Health Care Reform Tied to Higher Uptake of Mammography

This article originally appeared here.
Share this content:
Health Care Reform Tied to Higher Uptake of Mammography
Health Care Reform Tied to Higher Uptake of Mammography

TUESDAY, Sept. 20, 2016 (HealthDay News) -- The number of Medicare patients receiving mammograms increased slightly, but significantly, in the first three years of U.S. health care reform, according to a study published online Sept. 20 in Radiology.

Researchers sought to evaluate the impact of accountable care organizations (ACOs) on use of screening mammography in the Medicare Shared Savings Program. The team reviewed data for women, aged 40 to 69, who had screening mammograms between 2012 and 2014.

Of 208 ACOs reporting longitudinal outcomes, the researchers found a mean increase of 2.6 percent over the study period. Improvements were reported by 61.6 percent of ACOs. Among patients treated under traditional fee-for-service programs, mammography levels stayed the same or decreased during the same time period.

"While we weren't able to look at specific practices to see what these organizations did, a wide variety of strategies have been discussed," lead author Anand Narayan, M.D., Ph.D., a clinical epidemiologist at Johns Hopkins Hospital in Baltimore, said in a news release from the Radiological Society of North America. "Many strategies revolve around communications, such as phone calls, letters, group health education sessions, peer counseling, and home visits."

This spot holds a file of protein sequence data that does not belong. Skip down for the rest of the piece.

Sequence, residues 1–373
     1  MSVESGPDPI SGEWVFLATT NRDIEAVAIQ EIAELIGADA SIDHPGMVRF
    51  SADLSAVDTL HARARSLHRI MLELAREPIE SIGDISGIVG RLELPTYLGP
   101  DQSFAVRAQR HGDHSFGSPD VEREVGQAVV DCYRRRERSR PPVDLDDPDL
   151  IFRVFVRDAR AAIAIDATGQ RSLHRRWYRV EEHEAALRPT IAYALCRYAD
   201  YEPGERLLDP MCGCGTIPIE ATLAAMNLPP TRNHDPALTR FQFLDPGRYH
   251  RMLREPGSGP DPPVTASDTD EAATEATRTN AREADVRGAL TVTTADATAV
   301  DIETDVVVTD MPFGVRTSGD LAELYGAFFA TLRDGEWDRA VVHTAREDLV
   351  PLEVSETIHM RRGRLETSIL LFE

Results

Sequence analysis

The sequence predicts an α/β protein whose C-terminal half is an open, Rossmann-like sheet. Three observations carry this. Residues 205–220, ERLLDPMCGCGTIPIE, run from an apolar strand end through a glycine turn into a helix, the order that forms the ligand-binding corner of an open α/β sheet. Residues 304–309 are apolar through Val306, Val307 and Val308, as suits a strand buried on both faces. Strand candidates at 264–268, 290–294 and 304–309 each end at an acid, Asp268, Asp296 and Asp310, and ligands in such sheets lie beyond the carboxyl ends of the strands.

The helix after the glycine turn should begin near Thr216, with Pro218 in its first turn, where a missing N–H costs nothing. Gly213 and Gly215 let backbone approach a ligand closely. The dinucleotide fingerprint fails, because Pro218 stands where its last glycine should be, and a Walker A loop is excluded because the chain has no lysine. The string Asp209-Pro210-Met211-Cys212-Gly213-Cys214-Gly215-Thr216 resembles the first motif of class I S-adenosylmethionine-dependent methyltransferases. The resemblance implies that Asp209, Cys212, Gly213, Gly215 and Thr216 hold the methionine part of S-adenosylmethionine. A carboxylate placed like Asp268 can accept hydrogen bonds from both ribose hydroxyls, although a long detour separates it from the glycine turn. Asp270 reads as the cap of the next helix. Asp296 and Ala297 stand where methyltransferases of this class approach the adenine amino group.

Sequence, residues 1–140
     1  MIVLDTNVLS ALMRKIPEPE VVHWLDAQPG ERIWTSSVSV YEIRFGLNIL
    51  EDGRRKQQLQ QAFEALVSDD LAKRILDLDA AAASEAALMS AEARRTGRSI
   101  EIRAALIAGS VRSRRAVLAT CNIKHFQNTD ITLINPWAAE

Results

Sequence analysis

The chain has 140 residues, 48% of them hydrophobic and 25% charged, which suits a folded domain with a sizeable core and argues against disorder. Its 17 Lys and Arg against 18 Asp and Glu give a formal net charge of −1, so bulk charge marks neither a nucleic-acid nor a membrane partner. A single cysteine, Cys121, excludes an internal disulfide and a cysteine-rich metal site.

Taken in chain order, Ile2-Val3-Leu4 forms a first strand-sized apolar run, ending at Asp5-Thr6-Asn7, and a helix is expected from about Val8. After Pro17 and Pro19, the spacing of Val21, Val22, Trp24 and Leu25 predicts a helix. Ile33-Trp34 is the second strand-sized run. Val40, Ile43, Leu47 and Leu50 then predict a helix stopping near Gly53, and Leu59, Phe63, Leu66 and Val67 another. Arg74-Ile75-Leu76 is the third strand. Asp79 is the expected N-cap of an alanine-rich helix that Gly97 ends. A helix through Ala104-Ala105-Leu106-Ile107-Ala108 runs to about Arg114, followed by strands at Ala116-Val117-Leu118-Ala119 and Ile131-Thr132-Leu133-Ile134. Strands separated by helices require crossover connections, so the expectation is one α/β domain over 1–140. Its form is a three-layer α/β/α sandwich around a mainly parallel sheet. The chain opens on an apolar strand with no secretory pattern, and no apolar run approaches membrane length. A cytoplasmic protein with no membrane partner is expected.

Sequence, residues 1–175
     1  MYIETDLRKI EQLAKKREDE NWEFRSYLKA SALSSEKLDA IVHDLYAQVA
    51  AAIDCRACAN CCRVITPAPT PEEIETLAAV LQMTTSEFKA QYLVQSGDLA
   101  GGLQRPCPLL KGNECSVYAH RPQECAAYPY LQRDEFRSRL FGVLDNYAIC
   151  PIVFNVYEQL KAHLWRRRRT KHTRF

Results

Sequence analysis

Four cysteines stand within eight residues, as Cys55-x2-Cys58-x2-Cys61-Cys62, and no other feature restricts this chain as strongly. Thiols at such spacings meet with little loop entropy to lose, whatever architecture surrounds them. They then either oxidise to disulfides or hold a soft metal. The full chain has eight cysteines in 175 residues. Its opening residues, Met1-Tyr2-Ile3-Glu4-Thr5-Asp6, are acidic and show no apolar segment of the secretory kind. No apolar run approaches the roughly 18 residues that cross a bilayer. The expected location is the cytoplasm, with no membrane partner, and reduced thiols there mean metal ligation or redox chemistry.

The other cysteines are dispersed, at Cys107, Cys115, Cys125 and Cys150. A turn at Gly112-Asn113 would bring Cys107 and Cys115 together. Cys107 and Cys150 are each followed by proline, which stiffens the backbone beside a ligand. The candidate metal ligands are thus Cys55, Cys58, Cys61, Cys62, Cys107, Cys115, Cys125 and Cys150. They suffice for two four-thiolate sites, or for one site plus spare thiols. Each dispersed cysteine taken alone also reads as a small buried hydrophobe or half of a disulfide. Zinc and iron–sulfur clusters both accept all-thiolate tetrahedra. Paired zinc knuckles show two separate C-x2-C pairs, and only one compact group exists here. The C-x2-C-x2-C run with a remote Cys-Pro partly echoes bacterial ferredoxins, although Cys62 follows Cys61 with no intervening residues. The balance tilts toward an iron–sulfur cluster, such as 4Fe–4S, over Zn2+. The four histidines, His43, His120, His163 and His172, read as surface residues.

Abstract
Full Text

Share this content:

is free, fast, and customized just for you!

Already a member?

Sign In Now »


Sign up for myCME e-newsletters


Drug Lookup

Browse drugs by: BrandGenericDisease

More in Home

Progress Made on Genetic Test for Anal Cancer

Progress Made on Genetic Test for Anal Cancer

But research is still in early stages

Four Separate Events Led to Zika's Introduction Into Florida

Four Separate Events Led to Zika's Introduction Into ...

Virus strains came from the Caribbean and Latin America, researchers say

New Health Care Act Could Result in 23 Million Losing Insurance

New Health Care Act Could Result in 23 ...

While premiums may lower over the long-term, many would face much higher out-of-pocket costs

is free, fast, and customized just for you!

Already a member?

Sign In Now »